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I am building an a-frame swing set for my kids using a 4x6 and 4x4 beams. We are using pre-built brackets to attach everything.

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What I am wondering is, is there a max length that the 4x4 can safely be? I want the swing to be as high as possible for the kids, but don't want to compromise safety.

  • Did you mean that some of those are posts? 4x4 aren't suitable for beams carrying children. Use 4x6 oriented vertically for that. Please revise to clarify your design. – isherwood Apr 23 at 16:44
  • @isherwood I have updated the post with the bracket image. Are you saying that 4x4 are not suitable for the down beams? – Nic Hubbard Apr 23 at 16:48
  • So are you asking how tall the posts can be as well as how long the beam can span? Are you seeking to maximize size, or can we just examine a particular design? – isherwood Apr 23 at 16:49
  • Sorry, I don't know the terminology. Beam is about 16'. Hoping to make the posts high for a nice swing arc. – Nic Hubbard Apr 23 at 16:51
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    Also, at some point the concern becomes the height from which the children might fall. I personally wouldn't go past 12' 4x4s in this application even if longer 4x4s could support them. Guidance for the little ones neola.com/lincoln-wv/search/ag/ag7410.htm – UnhandledExcepSean Apr 23 at 17:21
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Yes, a 4x4 that is 20’ long will work. A 4x4 that is 12’ long will support about 4,000 lbs. each (depending on the species and grade). A 16’ 4x4 will support about half that and a 20’ 4x4 will support almost 1,000 each, if its horizontally braced about half way up. (Make the end look like the letter “A”.)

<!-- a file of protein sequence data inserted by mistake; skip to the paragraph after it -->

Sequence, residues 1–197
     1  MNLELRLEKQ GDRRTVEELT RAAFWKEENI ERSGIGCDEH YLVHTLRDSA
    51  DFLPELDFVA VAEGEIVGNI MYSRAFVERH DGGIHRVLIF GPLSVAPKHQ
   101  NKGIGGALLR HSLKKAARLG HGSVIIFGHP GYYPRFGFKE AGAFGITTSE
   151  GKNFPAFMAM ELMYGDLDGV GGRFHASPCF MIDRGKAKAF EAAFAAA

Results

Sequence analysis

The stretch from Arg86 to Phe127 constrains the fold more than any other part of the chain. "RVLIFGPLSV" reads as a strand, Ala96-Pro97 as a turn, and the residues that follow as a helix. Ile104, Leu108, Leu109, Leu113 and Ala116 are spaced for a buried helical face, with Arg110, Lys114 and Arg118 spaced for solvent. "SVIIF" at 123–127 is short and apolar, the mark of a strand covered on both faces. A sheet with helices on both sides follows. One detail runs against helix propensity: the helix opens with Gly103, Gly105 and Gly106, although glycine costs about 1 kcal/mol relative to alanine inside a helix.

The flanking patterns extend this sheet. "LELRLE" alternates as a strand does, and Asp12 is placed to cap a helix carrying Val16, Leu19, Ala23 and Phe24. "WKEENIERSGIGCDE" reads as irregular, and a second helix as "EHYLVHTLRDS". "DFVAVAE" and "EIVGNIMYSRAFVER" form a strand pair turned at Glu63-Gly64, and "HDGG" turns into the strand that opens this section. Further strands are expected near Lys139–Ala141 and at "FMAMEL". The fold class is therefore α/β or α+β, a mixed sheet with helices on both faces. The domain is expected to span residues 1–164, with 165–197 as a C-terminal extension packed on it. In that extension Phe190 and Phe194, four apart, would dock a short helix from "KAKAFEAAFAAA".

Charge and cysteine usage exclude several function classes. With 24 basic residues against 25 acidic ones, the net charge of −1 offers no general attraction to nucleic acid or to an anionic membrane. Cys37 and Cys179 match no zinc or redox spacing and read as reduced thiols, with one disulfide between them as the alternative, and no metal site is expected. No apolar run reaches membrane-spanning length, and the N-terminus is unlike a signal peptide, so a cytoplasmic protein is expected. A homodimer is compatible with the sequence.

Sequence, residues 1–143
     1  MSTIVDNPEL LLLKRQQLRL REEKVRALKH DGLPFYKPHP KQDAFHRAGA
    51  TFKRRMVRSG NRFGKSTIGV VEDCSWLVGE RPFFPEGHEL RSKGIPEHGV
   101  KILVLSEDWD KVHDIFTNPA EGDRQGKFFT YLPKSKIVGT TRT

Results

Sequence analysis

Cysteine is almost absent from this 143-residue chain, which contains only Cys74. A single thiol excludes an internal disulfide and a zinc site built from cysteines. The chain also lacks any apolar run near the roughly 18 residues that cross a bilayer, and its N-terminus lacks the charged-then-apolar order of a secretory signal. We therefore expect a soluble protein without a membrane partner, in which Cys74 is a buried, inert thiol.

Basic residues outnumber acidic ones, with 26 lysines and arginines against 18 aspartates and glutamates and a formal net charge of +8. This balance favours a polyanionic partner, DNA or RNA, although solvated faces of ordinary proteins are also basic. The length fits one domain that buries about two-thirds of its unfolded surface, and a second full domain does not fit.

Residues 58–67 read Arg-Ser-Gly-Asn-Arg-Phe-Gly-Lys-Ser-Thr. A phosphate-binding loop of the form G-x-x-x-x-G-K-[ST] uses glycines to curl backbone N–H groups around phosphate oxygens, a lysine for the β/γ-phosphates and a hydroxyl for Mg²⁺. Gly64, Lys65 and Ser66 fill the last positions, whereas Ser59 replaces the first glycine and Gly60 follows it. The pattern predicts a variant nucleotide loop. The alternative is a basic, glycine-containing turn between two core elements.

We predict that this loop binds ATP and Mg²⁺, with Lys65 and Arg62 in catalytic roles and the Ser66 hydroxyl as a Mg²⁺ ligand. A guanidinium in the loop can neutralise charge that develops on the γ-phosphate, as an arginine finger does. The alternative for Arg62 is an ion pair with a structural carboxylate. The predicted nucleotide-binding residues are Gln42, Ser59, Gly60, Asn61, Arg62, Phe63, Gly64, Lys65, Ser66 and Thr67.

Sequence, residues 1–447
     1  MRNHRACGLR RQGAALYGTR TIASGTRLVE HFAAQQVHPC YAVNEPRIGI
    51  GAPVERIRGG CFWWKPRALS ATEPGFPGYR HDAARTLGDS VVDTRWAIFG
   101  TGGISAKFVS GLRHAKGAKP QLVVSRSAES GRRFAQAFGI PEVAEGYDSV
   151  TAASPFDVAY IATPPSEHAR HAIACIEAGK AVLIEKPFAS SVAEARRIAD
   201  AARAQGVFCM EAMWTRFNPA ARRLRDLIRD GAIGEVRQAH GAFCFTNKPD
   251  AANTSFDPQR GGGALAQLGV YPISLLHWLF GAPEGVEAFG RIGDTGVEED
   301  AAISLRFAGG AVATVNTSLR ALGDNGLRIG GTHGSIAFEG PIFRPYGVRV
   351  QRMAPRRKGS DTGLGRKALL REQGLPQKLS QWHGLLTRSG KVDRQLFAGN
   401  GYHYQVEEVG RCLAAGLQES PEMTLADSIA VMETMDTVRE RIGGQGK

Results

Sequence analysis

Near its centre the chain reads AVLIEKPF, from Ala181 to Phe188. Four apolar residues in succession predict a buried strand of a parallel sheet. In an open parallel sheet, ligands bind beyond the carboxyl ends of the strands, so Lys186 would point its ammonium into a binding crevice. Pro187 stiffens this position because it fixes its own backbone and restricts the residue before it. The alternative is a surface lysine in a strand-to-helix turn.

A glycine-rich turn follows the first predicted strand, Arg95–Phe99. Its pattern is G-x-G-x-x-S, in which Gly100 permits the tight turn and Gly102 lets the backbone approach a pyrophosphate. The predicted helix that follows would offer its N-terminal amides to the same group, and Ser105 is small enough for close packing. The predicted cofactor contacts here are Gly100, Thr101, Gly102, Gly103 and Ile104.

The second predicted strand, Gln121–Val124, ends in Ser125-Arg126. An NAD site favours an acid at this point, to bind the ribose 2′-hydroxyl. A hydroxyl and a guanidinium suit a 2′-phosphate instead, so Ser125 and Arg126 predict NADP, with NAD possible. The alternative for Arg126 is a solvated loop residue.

If you get over 12’, I’d worry about the swing “racking” if a couple of 300 lbs. guys start swinging sideways. The metal braces look strong enough, (those are fillet welds which will hold about 1,000 lbs. per inch), but the entire swing set will want to “parallelogram” on you (with enough force). And that “enough force” could come from a couple of drunk buddies celebrating your birthday.

When you exceed the “norm”, you had better be extra safe. I think attorneys call that “an attractive nuisance”.

I’m glad you added that last sentence, “you don’t want to compromise safety”.

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There are two primary points of wood failure in this design: the beam span and post lift. Since the posts are primarily in either tension or compression, they're unlikely to be a failure concern.

However, as they get longer, past say 12', they'll start to impose more diagonal stress on the brackets you've shown than they're intended to tolerate. That's my primary concern. If they fail laterally by weld tears, you're now relying on whatever penetration into the ground you've implemented to hold the thing up.

If you go more than 12 feet above the ground I'd look for a more robust design.

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